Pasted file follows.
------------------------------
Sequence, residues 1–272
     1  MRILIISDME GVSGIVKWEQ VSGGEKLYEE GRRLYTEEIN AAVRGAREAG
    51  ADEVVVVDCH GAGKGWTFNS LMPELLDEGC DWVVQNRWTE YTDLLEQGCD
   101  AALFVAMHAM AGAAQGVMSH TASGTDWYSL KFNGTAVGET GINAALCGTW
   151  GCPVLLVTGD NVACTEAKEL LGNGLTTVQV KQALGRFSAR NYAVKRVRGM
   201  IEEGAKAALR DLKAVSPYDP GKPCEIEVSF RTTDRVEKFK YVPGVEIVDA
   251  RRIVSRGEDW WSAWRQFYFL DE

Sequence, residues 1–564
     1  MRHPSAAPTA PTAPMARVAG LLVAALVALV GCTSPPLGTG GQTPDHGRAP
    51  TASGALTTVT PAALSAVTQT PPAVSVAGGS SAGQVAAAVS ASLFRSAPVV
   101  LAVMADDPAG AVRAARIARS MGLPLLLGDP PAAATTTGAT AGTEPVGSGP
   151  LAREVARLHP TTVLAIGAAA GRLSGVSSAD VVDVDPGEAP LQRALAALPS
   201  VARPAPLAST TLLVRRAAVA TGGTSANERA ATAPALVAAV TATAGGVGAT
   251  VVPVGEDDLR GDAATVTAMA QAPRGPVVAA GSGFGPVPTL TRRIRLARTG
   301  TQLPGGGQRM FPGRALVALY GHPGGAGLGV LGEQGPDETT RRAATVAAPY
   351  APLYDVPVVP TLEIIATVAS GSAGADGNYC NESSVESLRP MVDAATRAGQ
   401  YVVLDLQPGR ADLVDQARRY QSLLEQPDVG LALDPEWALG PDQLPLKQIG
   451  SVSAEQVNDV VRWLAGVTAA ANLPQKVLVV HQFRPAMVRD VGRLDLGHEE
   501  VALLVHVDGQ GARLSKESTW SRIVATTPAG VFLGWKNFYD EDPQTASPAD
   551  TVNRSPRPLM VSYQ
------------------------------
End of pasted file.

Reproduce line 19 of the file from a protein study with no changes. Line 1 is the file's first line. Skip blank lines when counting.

   501  VALLVHVDGQ GARLSKESTW SRIVATTPAG VFLGWKNFYD EDPQTASPAD